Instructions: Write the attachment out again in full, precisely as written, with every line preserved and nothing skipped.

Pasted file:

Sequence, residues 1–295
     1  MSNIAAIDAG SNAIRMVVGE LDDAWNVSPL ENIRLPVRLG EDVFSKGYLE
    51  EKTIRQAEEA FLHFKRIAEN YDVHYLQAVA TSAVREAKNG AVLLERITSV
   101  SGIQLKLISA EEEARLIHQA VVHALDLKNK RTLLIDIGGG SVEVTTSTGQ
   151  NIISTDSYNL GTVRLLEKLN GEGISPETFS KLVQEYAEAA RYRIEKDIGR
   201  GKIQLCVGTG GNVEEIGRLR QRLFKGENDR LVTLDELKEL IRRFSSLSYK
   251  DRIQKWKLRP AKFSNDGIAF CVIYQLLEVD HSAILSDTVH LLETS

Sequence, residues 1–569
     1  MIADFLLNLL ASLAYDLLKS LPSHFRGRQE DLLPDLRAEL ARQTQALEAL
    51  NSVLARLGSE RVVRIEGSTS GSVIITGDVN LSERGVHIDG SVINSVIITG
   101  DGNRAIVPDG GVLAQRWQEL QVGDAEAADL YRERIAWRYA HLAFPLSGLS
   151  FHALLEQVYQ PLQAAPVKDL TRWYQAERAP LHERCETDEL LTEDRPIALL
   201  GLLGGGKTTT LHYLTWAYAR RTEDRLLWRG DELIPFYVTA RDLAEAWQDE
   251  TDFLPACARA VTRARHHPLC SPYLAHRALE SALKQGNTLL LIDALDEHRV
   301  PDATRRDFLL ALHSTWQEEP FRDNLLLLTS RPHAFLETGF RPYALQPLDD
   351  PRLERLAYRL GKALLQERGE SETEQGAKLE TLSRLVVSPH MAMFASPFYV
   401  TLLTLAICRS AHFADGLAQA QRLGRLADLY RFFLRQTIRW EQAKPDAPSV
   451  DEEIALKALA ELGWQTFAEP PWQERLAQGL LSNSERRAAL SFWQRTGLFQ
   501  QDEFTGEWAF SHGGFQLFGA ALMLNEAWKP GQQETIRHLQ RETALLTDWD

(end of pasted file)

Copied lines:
Sequence, residues 1–295
     1  MSNIAAIDAG SNAIRMVVGE LDDAWNVSPL ENIRLPVRLG EDVFSKGYLE
    51  EKTIRQAEEA FLHFKRIAEN YDVHYLQAVA TSAVREAKNG AVLLERITSV
   101  SGIQLKLISA EEEARLIHQA VVHALDLKNK RTLLIDIGGG SVEVTTSTGQ
   151  NIISTDSYNL GTVRLLEKLN GEGISPETFS KLVQEYAEAA RYRIEKDIGR
   201  GKIQLCVGTG GNVEEIGRLR QRLFKGENDR LVTLDELKEL IRRFSSLSYK
   251  DRIQKWKLRP AKFSNDGIAF CVIYQLLEVD HSAILSDTVH LLETS

Sequence, residues 1–569
     1  MIADFLLNLL ASLAYDLLKS LPSHFRGRQE DLLPDLRAEL ARQTQALEAL
    51  NSVLARLGSE RVVRIEGSTS GSVIITGDVN LSERGVHIDG SVINSVIITG
   101  DGNRAIVPDG GVLAQRWQEL QVGDAEAADL YRERIAWRYA HLAFPLSGLS
   151  FHALLEQVYQ PLQAAPVKDL TRWYQAERAP LHERCETDEL LTEDRPIALL
   201  GLLGGGKTTT LHYLTWAYAR RTEDRLLWRG DELIPFYVTA RDLAEAWQDE
   251  TDFLPACARA VTRARHHPLC SPYLAHRALE SALKQGNTLL LIDALDEHRV
   301  PDATRRDFLL ALHSTWQEEP FRDNLLLLTS RPHAFLETGF RPYALQPLDD
   351  PRLERLAYRL GKALLQERGE SETEQGAKLE TLSRLVVSPH MAMFASPFYV
   401  TLLTLAICRS AHFADGLAQA QRLGRLADLY RFFLRQTIRW EQAKPDAPSV
   451  DEEIALKALA ELGWQTFAEP PWQERLAQGL LSNSERRAAL SFWQRTGLFQ
   501  QDEFTGEWAF SHGGFQLFGA ALMLNEAWKP GQQETIRHLQ RETALLTDWD